By Anthony Diosdi Schedule J of Form 5471 tracks the earnings and profits (“E&P”) of a controlled foreign corporation (“CFC”). In most cases, special ordering rules under Section 959 of the Internal Revenue Code apply in determining how E&P is reported on Schedule J. Shortly after the Tax Cuts and Jobs Act was enacted in 2017, the Internal Revenue Service (“IRS”) and the Department of Treasury (“Treasury”) announced they will withdraw the proposed regulations for Internal Revenue Code Section 959. As a result of these changes, the IRS dramatically changed Schedule J of Form 5471 for the 2018 tax year. The following columns or categories were added to Schedule J:1) Post-2017 E&P Not Previously Taxed (post-2017 Section 959(c)(3) balance.2) Hovering Deficit and Deduction for Suspended Taxes.3) PTI from Section 965(a)…
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The Roller-Coaster Ride is Over: IRS Loses Battle to Render PPP Business Deductions Non-Deductible

The Roller-Coaster Ride is Over: IRS Loses Battle to Render PPP Business Deductions Non-Deductible

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By: Lynn K. Ching Many small businesses received a loan in 2020 under the (CARES Act) SBA Paycheck Protection Program (“PPP”). Under the CARES Act, the PPP loan proceeds are eligible for forgiveness, if used to pay (1) payroll costs, (2) certain employee benefits relating to healthcare, (3) interest on mortgage obligations, (4) rent, (5) utilities, and (6) interest on any other existing debt obligations, during the ‘covered period’. The CARES Act also excludes forgiven PPP loan proceeds from taxable income. However, the CARES Act did not specifically address whether business expenses paid with a (forgivable) PPP loan may be deducted on a taxpayer’s federal tax return. Federal Not missing a beat, in May 2020, the IRS issued Notice 2020-32, which stated that no deduction is allowed if its payment…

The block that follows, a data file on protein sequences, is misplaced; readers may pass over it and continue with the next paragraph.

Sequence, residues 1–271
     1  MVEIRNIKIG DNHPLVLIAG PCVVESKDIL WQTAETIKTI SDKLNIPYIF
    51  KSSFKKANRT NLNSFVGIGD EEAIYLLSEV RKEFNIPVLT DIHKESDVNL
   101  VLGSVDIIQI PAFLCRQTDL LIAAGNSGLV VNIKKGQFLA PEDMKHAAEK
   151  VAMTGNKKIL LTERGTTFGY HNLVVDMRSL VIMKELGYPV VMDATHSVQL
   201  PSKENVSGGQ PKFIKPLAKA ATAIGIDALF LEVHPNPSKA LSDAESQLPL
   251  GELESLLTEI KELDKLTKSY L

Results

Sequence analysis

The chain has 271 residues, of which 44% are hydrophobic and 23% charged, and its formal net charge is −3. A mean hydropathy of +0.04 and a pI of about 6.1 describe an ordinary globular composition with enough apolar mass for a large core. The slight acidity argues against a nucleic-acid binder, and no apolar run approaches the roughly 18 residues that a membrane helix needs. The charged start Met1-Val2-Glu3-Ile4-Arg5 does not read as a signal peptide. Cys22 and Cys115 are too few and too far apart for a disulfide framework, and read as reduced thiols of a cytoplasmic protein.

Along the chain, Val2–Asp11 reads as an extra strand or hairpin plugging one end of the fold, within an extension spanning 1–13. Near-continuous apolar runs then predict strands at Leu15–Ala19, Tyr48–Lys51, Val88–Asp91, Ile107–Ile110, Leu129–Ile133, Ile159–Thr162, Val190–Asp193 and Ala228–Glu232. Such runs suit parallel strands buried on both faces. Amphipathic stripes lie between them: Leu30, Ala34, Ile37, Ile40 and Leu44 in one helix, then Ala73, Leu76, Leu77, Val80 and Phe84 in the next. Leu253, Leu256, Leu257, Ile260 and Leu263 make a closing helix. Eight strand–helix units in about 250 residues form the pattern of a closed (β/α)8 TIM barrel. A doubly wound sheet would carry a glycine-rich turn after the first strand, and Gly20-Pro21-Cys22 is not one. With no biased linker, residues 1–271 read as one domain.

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Does Section 4975 Permit an IRA Account Holder to Establish an IRA Grantor Trust Investment Vehicle and Act as the Trustee of the IRA Grantor Trust?

Does Section 4975 Permit an IRA Account Holder to Establish an IRA Grantor Trust Investment Vehicle and Act as the Trustee of the IRA Grantor Trust?

Tax Law, Uncategorized
By Anthony Diosdi IntroductionMany Individual Retirement Account (“IRA”) beneficiaries would like more control over the investments of their IRAs. Some IRA beneficiaries want to form investment vehicles to acquire such assets as cryptocurrencies that are rapidly increasing in value. A number of trust companies claim that the United States Tax Court case of Swanson v. Commissioner, 106 T.C. 76 (1996) authorizes the use of an IRA owned grantor trust at the direction of the IRA account holder as a trustee to act as an investment vehicle. This article will discuss whether an IRA grantor trust in which the IRA account holder is a trustee violates the meaning of Section 4975(c)(1)(D) and (E). An Overview of Internal Revenue Code Section 4975The growth of 401(k) plans and other defined contribution plans (as…
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A Deep Dive Into the GILTI Taxing Regime and CFC GILTI Tax Planning

A Deep Dive Into the GILTI Taxing Regime and CFC GILTI Tax Planning